Ticket Voting
Identification of Voter Choice:  Slogans

1888 Democratic Party Ticket, Los Angeles

Courtesy of the Huntington Library

The anti-Chinese sentiment was not confined to fringe political movements competing for local offices. This is the 1888 presidential ticket of the Democratic Party of Los Angeles. Its carries powerful slogans echoing the sentiments and appeals of the Workingmans’ Party: “Exclusion of Chinese” and “Protection of Free Labor.”
“Free labor” is again juxtaposed with Chinese labor which is “slave labor.” In this formulation, Chinese labor is no different from slave labor. The notion of an inevitable and expanding competition between white labor and the slave labor of African Americans was the fundamental appeal of the national Republican Party in the years before the Civil War. 
Over 90 percent of Chinese arrivals in California were men; there were few women. In the years after the Civil War, the Union Pacific Railroad imported 10,000 male laborers through San Francisco contracting companies to build the railroad. American shipping companies were actively involved in the trade. Efforts were made as early as the 1850s to make work contracts struck in China enforceable in California.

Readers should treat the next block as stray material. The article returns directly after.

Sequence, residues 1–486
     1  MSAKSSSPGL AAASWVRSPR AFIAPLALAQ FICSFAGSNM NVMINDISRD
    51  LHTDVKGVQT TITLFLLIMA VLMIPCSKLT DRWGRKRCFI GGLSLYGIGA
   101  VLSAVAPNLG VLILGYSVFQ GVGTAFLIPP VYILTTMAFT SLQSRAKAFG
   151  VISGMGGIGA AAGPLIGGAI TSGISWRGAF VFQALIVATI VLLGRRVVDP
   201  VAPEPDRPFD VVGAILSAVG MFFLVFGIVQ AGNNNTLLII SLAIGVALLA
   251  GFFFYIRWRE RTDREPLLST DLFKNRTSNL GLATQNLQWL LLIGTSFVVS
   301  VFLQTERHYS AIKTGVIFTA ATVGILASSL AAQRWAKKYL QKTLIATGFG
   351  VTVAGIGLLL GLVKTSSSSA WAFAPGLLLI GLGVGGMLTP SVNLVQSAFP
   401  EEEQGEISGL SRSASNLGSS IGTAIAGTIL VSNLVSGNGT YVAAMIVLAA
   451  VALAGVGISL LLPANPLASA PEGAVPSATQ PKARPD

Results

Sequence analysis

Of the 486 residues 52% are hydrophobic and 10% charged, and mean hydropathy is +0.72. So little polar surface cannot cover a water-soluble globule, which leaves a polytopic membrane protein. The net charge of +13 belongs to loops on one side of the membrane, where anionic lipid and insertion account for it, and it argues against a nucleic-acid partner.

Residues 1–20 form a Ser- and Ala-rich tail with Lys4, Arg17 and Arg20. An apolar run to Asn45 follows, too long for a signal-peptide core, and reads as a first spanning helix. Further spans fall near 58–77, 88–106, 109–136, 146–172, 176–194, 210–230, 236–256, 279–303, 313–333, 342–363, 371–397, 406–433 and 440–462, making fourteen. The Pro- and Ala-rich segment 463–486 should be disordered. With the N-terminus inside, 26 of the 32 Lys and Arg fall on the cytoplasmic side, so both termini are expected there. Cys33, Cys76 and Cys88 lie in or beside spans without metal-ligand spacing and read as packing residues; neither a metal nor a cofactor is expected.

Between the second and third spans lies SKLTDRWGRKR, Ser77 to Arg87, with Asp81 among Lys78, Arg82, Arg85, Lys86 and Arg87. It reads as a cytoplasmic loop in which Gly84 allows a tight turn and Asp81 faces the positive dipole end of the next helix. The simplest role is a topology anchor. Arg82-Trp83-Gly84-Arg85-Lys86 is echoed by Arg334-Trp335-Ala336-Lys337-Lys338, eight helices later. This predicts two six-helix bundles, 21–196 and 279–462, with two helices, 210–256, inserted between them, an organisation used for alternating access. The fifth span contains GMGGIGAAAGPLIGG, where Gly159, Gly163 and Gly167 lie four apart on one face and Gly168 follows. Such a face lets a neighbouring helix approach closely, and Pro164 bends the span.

Estimates of Chinese arrivals in these early years are inconsistent, but the numbers converge by 1872, with between 76,000 and 84,000 recoded as landing over the next five years, almost all into San Francisco. [E. Sandmeyer, The Anti-Chinese Movement in California (Urbana, University of Illinois, 1939):12] This spike in arrivals coincided almost perfectly with the depth of the depression. Increasing numbers of cheap laborers combined with an increasingly adaptable and skilled resident Chinese workforce created new competition with white labor in a job-scarce depression.

The fact the Democrats were willing to run the anti-Chinese slogans, and that the notion of Chinese slave labor resonated so deeply with major themes of the Republican Party, increased the pressure on the major parties to act. The end result was the 1882 Chinese Exclusion Act which remained in place until 1943 when China became an American ally in the war against Japan.

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